Can the walker bag be used on wheelchairs, scooters, or armchairs?
Sometimes, yes. It largely depends on the situation.
For armchairs, if there are not any wood or metal arms or legs to tie the bag to, corkscrew-shaped upholstery pins can be used to hold the bag in place.
For scooters and wheelchairs, measure and compare to the measurements mentioned in the walker bag listings. Though the top flap won't be useful, the four side ties could be used to fasten the bag securely and firmly, as long as there is some tubing in the right place to hold it.
For wheelchairs or scooters, there might be places in front of the user's knees to hang the bag; this is a very secure spot, and relatively easy to reach.
Some users might be able to tie the bag to the inside of the armrests, if there's room. This is also secure.
Power chair and scooter users might also be able to fasten it to the outside of the armrest, though this is a little less secure, but still easy to reach.
Another place to hang them is across the back, though this is really only convenient or secure for someone who is pushing the chair.
For that matter, they might fit on strollers, too!
Always take the measurements where you want to hang the bag and compare to the listing to be certain.
What crafts do you do?
I have been sewing since I was about 7 or so. Sewing is the only skill I received any instruction for -- from home ec classes in school. I learned most of what I know about sewing on-the-job as a theater costumer and then by having my own alterations and home dec business.
I started embroidery when I was 8 or 9 and added other similar skills like needlepoint later.
I taught myself to knit from a book when I was 10. My favorite knitting is textured, like aran styles; next favorite is intarsia, then lace.
I taught myself crochet from a book when I was about 12. I've made well over 100 lap-size afghans for people in nursing homes, and even more 'pet mats' to be used in animal shelters for pets waiting for adoption.
I also taught myself tatting, needle tatting, hairpin and broomstick lace, smocking, machine knitting, lap weaving, knitting boards, quilting, and more I can't recall at the moment.
What is MS (multiple sclerosis)?
MS is a chronic, progressive, debilitating illness of the brain and spinal cord. The cause is not yet known, and treatments are still not very effective. They believe the problem is that the body is attacking and damaging itself.
MS is the most common neurological disease among young people. Diagnosis occurs among those of almost any age, but is most frequent between ages 20-40, 2/3 of whom are women and 1/3 of whom are men. It is more common in areas that are temperate in climate, less common in tropical climates, and more common in people with greater European ancestry. There appear to be some genetic components as well as environmental factors.
I call MS the ultimate American disease because no one person's experience of MS will be exactly like another's. Because the disease can attack different places in the brain or spinal cord, the symptoms will differ from person to person. Symptoms can include sensory changes like numbness or tingling, paralysis, visual problems or blindness, muscle spasticity, pain, cognitive changes, swallowing problems, vertigo, dizziness, bladder or bowel problems, mobility problems, and others.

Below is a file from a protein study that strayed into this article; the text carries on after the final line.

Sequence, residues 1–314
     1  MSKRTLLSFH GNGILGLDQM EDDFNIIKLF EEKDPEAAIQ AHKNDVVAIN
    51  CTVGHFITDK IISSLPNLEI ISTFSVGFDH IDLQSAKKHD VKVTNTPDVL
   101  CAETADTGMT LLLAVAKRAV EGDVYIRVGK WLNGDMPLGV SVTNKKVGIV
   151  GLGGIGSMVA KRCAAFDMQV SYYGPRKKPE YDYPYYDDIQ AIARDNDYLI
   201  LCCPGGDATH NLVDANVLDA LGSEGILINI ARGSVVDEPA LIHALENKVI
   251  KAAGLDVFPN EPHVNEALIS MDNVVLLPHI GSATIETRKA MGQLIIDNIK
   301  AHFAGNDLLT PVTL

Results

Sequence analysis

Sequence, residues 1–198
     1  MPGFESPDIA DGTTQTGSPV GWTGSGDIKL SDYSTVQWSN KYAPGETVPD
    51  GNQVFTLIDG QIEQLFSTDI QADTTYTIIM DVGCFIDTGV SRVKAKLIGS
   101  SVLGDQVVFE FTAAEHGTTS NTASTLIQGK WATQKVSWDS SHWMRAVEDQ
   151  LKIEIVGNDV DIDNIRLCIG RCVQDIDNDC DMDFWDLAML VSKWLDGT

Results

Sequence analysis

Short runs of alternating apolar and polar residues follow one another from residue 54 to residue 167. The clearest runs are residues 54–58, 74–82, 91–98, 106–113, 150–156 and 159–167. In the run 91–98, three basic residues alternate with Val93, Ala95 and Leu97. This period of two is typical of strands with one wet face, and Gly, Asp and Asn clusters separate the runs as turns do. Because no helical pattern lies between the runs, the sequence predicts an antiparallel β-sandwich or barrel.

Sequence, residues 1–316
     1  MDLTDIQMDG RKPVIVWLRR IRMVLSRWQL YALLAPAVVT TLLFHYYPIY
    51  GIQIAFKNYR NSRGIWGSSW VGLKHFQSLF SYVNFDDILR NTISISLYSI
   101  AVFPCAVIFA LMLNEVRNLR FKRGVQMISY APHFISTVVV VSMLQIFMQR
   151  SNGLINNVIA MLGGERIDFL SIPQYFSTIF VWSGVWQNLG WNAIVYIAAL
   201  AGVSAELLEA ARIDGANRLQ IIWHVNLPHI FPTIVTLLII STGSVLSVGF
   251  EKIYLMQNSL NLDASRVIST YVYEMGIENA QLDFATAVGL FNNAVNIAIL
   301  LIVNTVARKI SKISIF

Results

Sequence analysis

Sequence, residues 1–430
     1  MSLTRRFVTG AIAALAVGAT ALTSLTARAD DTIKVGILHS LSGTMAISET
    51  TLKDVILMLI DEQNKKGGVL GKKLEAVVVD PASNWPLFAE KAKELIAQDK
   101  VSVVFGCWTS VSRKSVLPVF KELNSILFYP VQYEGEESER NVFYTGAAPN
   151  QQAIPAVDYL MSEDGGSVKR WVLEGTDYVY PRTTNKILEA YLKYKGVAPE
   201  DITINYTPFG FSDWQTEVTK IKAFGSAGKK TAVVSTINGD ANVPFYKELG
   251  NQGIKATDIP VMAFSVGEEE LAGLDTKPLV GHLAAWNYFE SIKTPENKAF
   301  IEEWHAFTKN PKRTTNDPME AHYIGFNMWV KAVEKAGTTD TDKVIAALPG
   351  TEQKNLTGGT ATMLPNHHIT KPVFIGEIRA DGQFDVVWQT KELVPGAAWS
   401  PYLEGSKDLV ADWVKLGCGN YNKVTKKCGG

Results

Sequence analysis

They think the problems are caused by the immune system attacking the insulation on nerves. When the insulating coating on nerves is damaged, it's like having an electrical cord damaged. The nerves start to short out and have problems, and if the body can't repair the damage the nerves will die.
There are few treatments for MS, with limited effectiveness. Most of them can only slow down the disease progression by about 30% in the lucky proportion for whom the drugs work. These drugs are mostly injected or offered by an IV infusion, and may have serious side effects. A number of the symptoms caused by the disease can be helped by other drugs.
Most people are diagnosed with the Relapsing-Remitting form of MS. This means that they will experience attacks of symptoms that will subside in time either partially or completely. Some people progress to Secondary Progressive, in which they might still experience attacks but continue to slowly progress without remissions. A small number are diagnosed as Primary Progressive from the start, and do not experience attacks but instead have disease that progresses steadily as time goes on.
Some people have mild cases that don't affect their everyday lives much. Others have severe attacks and progression. People with MS have a normal life expectancy.
Celebrities with MS include: Leeza Gibbons, Montel Williams, Terri Garr, Annette Funicello, Richard Pryor; David "Squiggy" Lander, Kelly "Girl" Sutton, & Clay Walker.
What is that in the photo at the top of your store?
That is a motif from a crochet tablecloth made by my great grandmother.
My grandparents' house burned to the ground in 1977, and though they were able to save many family heirlooms before the house was lost most of them sustained at least some damage. The tablecloth had several holes burned in it.
My mother asked me whether I thought I might be able to restore it. I spent several months working on it and was able to repair it so that it looked almost like new. This picture was taken during the process of restoring it.
What kinds of alterations and home dec do you do?
A lot of hems, and sometimes things like shortening or adding straps, taking side seams in or out, replacing zippers, replacing buttons, and the like. Most of it is on women's clothing or formal wear, with occasional costumes or specialty items like cheerleading or dance wear.
Most home dec projects are window treatments, though I also recover dining chairs, make cushion covers or slipcovers, pillows, table linens, and restore heirlooms.
Do you do custom work?
I can provide quotes on custom work. My studio rate for custom work usually runs between $20 to $35 per hour, depending on the specific skills needed in the project. Since custom items are individually hand made to customer specs, I cannot compete with outsourced overseas mass-produced pricing or the clearance pricing on my remaining craft show inventory. Materials costs depend on the project.
Sample pricing: Custom standard walker bags, $25; Custom deluxe walker bags, $35; Standard pillows, $10 and up; Lined totes, $20 and up; Cushion covers, $25 each and up.
How is shipping handled?
Most items are shipped within one day of payments clearing.
In some instances the shipping total on multiple items may be too high; I will refund the overcharge in those cases.
Shipping may be delayed for: FPO/APO addresses; international shipments; items purchased while I am away from home.